This is the third and final part of my series on Edward Tegla Davies. If you missed the earlier instalments, here they are:
Today’s instalment sees Tegla searching for the Holy Grail, musing on lightning-struck sheep and refusing an OBE from the Queen.
Y Winllan (The Vineyard) was a Wesleyan magazine for children, published monthly in Welsh. Edward Tegla Davies started off as a reader of Y Winllan, then became a contributor and finally became its editor.
In 1878 the copy you see here was placed inside a glass bottle and hidden behind one of the foundation stones of a new Welsh Wesleyan Chapel in Aberystwyth. The chapel closed in 1992 and the bottle was discovered in 1999 whilst work was being undertaken to convert the building into a tavern.
Edward Tegla Davies was in his mid twenties during the Welsh Revival, a period of explosive church growth in Wales in 1904-5 that sparked a Christian ‘awakening’ in many other countries. During that time, chapels were not being closed or turned into taverns. Quite the opposite. Taverns were going bankrupt and churches were full to bursting.
According to the Dictionary of Welsh Biography, Tegla had a conversion experience after attending a preaching festival at Coedpoeth, and decided to enter the ministry. In the course of his life he ministered in Abergele, Leeds, Menai Bridge, Port Dinorwic, Tregarth (thrice), Llanrhaeadr-ym-Mochnant, Denbigh, Manchester (twice), Liverpool, Bangor and Coedpoeth.
Lionel Madden writes:
Tegla was not a natural preacher, but he laboured to make himself effective. Here he describes his early efforts.
I was born into the tradition that you were not a preacher unless you were a ‘tuner’ (one who employs sing-song cadence in the delivery of a sermon). I would do my best, making myself terribly hoarse and leaving me with a very sore throat on a Monday morning. I was envious of those tuners who could provoke tears, for the proof of a successful service in those days was that the congregation was in floods of tears. The only tears I could conjure up were tears of compassion for my raucous attempts.
He moderated his preaching style, adopting a more conversational approach, but never quite lost the sense of strain. There were, however, other features that more than compensated for this and propelled him into acceptance throughout Wales as one of the leading preachers of his day. He was a master of apposite illustration and of clear exposition. His idealism ran alongside a fiercely critical mind, and the boldness with which he advanced one or the other made what he said perpetually challenging. Above all he appeared to be a prophet for his time.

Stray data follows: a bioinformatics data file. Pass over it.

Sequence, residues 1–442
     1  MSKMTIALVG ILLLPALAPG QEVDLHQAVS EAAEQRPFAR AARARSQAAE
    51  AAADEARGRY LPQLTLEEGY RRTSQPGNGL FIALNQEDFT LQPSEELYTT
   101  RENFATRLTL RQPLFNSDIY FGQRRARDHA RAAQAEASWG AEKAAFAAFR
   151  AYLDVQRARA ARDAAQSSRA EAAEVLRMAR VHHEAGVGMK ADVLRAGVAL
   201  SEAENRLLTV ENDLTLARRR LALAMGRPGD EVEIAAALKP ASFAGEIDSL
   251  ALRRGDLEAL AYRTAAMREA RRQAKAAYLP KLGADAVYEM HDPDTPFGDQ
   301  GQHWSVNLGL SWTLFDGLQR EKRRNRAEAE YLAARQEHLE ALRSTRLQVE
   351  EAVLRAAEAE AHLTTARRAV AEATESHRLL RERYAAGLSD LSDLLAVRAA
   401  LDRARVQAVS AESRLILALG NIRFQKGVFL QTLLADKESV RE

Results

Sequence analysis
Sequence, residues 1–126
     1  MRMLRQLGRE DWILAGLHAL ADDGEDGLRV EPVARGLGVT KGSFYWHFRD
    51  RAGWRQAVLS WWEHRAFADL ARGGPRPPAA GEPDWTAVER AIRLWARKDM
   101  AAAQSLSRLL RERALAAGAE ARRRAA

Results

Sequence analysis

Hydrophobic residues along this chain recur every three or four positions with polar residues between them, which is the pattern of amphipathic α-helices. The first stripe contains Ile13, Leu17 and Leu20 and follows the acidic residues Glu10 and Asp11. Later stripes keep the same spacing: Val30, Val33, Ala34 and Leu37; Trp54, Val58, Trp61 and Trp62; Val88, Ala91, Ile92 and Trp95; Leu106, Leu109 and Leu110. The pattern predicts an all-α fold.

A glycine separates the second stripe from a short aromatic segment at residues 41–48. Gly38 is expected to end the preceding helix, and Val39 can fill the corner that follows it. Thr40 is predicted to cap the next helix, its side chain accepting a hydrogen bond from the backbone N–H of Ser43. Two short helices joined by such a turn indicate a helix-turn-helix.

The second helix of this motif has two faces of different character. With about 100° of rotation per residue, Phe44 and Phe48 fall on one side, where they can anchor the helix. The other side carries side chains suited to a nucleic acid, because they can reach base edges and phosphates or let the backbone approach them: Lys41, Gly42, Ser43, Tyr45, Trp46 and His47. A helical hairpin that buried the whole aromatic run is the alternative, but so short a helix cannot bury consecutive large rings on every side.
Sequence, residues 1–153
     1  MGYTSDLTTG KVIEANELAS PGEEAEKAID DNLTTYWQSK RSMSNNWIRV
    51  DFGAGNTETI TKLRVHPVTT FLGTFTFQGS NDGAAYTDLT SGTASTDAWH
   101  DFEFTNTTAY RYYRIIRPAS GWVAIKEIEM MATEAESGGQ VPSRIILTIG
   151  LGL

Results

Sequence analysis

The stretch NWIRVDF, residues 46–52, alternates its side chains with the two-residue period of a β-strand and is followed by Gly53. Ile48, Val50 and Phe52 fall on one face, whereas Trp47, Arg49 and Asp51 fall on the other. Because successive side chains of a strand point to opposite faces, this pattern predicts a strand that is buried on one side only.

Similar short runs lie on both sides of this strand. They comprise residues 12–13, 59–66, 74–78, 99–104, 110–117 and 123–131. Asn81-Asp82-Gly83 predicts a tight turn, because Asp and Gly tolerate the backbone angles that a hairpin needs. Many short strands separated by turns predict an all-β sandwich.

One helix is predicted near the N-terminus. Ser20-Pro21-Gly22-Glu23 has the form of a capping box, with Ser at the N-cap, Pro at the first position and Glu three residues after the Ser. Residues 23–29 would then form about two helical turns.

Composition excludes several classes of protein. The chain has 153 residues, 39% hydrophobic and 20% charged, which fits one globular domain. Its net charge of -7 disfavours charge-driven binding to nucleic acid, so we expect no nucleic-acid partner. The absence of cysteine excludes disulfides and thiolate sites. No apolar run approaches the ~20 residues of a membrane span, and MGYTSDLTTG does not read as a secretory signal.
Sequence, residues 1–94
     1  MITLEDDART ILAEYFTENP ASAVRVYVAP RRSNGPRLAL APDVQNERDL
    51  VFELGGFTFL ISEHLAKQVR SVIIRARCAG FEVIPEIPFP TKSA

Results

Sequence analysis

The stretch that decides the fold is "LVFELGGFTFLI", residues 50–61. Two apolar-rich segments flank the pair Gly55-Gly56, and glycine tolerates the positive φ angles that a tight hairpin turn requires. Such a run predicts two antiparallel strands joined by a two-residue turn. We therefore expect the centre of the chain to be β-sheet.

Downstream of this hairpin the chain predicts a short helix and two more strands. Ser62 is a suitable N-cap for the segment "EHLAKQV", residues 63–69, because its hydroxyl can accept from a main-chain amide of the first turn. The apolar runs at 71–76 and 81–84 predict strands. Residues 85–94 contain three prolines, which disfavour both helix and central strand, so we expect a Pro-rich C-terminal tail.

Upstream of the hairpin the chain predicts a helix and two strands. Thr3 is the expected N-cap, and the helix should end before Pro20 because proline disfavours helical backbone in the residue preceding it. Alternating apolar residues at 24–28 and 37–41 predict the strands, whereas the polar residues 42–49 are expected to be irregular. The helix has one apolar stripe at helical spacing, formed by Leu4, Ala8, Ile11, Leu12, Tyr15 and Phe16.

Tegla did not prize preaching for its own sake, and his tone was wry when he wrote about the ‘tuners’ and the ‘two-sermon-a-night’ preaching meetings. He was more interested in ongoing discipleship, and for this the home setting was more significant than the church.
I am firmly of the opinion that the smallest contribution to the spiritual life of the Church in my time has been preaching at preaching meetings. I am convinced that the chief reason for our intellectual and spiritual poverty, and our lack of influence in the world, is that we have failed to educate our children, young people and all ages, in the basic principles of our faith.
It is no surprise, then, that many of Tegla’s stories for young people touch on spirituality. One of the tales in the collection Hen Ffrindiau (Old Friends, 1927) was called Samuel Jones the Hendre. Here are the bare bones of the story:
There were two farmers at harvest time: Samuel Jones the Hendre and Mr Herbert Fron. Samuel Jones’ land was very poor compared to Mr Herbert Fron’s fertile and copious land. When it was decided to decorate the chapel for the Thanksgiving Service, most of the fruit and vegetables came from Mr Herbert Fron’s fields and green houses. Samuel Jones was not at all happy about this, as he could only offer thorns and brambles. Shortly before the service began, Samuel Jones crept into the church and slyly exchanged Mr Herbert Fron’s abundant crops for his own thorns and brambles. The outcome was that everyone refused to participate in the service. They said that it was impossible to thank God in the middle of thorns and brambles. Everyone refused, except for one, and that was Samuel Jones himself. He had remembered a verse from Isaiah 66 – “Has not my hand made all these things?” – and he worshipped happily alone, surrounded by his thorns and brambles.
Another of Tegla’s works for children tells the story of the Holy Grail. In the post Davinci Code era we tend to think of Rosslyn Chapel in Scotland as the final resting place of the Grail, but medieval specialist Dr Juliette Wood believes that Wales has a much stronger thread of grail legends. In March this year, Dr Wood delivered a lecture at the Museum of London entitled The Phantom Cup that Comes and Goes, giving evidence for the Welsh claim and making reference to Tegla’s work: